A Pleasant Afternoon


Yesterday afternoon, I managed a few hours fishing on a small pond that I’d never fished before. It’s a nice little place, close to the M40, but tucked away in it’s own little spot, and relatively secluded – you wouldn’t really know you’re that close to heavy traffic. As far as stillwaters go, it’s the kind of place I like to fish, small (there’s only about a dozen swims), intimate and well-established. It’s surrounded by trees, there’s lily beds, and several patches of yellow irises. It has the feel of a classic tench water

On arrival, I could see small fish topping all over the place, with the occasional carp surfacing. Following the guidance of my mate Andy, who’s fished it a few times, I set up in a swim with a nice lily patch to one side, fishing sweetcorn under a float, in about 3 feet of water. I didn’t have to fish too far out and a gentle cast was all that was needed to get the float in place.

I was soon getting small bites, most of which I missed, but did eventually hook a skimmer bream. Another soon followed. Then I had two “sail-away” bites in quick succession which I somehow didn’t connect with. A third bite followed, and this time I did connect with a small but very lively tench that may have gone two pounds on a good day. I was very pleased with this, as it’s the first tench I’ve caught in around twenty years (not that I’ve fished for them much in that time).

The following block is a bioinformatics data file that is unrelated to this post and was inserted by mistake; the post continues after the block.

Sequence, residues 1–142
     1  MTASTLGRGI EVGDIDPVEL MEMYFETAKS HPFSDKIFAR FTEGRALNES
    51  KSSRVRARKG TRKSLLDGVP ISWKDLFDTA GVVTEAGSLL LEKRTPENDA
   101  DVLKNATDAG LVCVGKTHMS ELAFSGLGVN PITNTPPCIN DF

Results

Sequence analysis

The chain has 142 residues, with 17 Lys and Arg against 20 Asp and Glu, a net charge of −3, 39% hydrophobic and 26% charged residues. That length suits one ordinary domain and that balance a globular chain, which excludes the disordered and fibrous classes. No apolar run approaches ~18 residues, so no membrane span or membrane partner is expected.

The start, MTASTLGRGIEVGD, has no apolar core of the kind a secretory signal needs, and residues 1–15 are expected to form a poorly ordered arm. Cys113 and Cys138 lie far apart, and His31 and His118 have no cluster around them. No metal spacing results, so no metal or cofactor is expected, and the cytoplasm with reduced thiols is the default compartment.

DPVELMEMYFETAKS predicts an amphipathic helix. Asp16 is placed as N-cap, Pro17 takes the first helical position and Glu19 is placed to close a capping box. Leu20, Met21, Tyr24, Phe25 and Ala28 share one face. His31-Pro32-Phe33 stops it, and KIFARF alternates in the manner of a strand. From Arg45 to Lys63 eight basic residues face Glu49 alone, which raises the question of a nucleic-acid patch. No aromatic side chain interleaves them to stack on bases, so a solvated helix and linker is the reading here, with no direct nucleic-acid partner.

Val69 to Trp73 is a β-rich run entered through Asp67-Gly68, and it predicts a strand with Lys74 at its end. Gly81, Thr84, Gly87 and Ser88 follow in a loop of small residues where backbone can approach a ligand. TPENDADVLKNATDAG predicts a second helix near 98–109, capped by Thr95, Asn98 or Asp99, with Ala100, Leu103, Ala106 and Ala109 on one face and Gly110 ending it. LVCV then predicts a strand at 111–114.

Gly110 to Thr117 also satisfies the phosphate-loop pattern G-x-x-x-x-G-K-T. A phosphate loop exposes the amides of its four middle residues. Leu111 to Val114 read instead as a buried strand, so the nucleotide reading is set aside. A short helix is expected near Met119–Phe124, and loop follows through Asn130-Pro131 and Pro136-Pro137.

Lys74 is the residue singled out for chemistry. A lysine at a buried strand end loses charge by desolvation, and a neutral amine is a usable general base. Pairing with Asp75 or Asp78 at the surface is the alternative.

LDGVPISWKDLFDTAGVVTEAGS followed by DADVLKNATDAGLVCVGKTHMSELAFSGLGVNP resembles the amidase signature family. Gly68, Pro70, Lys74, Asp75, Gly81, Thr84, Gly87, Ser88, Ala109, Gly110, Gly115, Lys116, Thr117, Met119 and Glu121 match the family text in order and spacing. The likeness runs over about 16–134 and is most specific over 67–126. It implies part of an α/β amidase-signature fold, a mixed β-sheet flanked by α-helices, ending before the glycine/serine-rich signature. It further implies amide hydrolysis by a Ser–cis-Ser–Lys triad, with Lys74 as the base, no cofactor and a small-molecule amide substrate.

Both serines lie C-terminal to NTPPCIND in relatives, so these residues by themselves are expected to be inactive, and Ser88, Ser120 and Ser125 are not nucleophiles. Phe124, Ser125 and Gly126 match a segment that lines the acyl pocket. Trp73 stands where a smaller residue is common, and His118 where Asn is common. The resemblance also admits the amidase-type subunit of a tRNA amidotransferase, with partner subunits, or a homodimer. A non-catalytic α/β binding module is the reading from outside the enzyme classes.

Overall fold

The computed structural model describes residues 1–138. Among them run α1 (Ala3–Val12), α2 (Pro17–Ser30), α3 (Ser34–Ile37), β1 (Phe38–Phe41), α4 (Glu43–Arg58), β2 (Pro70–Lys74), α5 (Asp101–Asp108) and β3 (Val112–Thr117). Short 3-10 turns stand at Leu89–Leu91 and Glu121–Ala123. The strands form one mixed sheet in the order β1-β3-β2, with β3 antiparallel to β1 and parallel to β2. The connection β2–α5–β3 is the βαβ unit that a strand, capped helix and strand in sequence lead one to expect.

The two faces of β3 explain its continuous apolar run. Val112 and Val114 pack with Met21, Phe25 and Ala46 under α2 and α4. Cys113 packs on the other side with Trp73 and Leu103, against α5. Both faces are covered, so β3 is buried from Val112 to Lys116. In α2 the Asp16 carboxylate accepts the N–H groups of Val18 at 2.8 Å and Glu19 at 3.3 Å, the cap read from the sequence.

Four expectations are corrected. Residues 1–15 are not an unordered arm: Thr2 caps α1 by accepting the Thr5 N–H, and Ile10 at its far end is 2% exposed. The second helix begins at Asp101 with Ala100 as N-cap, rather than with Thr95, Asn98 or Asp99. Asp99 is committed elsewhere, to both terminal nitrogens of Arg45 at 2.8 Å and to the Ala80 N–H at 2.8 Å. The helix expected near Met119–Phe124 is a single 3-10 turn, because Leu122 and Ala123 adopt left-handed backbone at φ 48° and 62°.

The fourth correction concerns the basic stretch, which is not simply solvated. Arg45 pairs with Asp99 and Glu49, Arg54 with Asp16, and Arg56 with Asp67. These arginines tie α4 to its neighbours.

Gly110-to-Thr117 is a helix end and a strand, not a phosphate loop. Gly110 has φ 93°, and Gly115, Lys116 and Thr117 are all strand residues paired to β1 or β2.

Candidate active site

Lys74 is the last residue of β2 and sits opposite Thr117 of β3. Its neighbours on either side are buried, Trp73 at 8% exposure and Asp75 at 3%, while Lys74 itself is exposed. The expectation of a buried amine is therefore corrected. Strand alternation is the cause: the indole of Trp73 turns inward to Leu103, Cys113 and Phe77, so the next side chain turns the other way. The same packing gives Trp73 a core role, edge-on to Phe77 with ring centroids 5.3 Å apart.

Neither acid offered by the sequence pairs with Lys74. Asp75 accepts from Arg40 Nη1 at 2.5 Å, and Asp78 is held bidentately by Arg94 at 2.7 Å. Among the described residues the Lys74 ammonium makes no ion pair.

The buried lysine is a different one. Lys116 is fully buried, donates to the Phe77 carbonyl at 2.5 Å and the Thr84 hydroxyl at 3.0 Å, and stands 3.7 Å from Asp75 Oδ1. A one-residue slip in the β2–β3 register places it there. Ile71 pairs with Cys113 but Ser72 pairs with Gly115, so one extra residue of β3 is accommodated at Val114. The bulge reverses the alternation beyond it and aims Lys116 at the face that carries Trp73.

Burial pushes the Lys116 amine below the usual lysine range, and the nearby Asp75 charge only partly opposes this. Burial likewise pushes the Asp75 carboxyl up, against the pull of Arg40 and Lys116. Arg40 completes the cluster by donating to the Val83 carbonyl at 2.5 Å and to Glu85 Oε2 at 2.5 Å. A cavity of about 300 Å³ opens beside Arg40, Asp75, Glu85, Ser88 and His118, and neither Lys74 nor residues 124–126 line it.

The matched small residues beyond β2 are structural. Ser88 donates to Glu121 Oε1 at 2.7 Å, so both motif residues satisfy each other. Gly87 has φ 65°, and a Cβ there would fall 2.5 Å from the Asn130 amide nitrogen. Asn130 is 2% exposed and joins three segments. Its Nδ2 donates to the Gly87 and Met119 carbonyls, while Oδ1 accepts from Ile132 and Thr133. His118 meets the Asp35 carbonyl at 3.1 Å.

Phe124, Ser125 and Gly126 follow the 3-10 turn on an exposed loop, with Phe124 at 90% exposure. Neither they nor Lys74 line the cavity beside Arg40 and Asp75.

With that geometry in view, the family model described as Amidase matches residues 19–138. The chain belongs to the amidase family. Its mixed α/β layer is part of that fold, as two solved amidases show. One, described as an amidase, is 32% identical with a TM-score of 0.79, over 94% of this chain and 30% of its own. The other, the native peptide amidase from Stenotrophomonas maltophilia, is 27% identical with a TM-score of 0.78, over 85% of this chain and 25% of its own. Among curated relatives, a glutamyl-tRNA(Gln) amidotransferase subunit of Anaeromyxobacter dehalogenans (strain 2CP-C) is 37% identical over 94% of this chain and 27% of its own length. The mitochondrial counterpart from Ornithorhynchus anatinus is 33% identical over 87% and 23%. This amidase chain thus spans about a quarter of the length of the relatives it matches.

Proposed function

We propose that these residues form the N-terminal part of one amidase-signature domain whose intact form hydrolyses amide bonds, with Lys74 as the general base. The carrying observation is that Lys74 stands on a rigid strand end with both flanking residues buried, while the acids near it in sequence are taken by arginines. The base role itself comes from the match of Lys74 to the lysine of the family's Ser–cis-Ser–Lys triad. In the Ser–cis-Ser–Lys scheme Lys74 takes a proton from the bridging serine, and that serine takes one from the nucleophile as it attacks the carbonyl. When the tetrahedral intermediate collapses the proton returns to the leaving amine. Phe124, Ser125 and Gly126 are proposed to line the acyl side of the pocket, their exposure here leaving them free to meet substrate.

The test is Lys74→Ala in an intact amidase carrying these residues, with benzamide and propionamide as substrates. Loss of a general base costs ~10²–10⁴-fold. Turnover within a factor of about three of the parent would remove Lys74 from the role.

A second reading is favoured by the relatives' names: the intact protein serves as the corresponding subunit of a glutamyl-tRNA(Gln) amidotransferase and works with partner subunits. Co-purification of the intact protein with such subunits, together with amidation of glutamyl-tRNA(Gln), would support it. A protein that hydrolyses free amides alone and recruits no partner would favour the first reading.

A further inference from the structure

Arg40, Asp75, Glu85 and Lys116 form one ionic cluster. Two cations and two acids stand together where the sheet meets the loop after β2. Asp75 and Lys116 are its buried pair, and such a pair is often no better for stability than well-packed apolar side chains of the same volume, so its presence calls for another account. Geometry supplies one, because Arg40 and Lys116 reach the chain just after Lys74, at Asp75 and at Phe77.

By now, there were a least three carp active in the margins of my swim, two of them right at my feet, bumping the lilies about. But getting them to take a bait was not easy. I’d started fishing more or less off the rod-top to see if I could get one, but the first bite I hooked was a small rudd. It may not have been the intended target, but it was still very welcome, as – like the tench – it had been many years since I’d last caught one, and they are a beautiful fish.

A few minutes after returning the rudd, the float suddenly shot away with the speed of an express train, and I found myself attached to a carp, which had buried itself in the lilies before I had a chance to do anything about it. However, with steady pressure, I was able to gradually pull it back out into open water. A lively fight followed, and although the fish didn’t take any line off the clutch, it was dashing back and forth, and it took me several minutes to net it. A quick weigh showed it to go 7.04.

Carp, 7.04, Hillwood Pond

The commotion created while landing the fish caused the swim to go quiet for a while, although a carp did eventually start rooting around again in the lilies at my feet. All I managed to catch after that was a small roach-bream hybrid. But that was six fish with five different species in the afternoon, so I was well pleased with my efforts. Needless to say (as someone once said) I’ll be back.

Andy had turned up not long after I’d had the carp, and he set up in the adjoining swim. I had to leave around 7 o’clock, but I later heard that he’d had four tench and 2 carp, so he also had a short but productive session.

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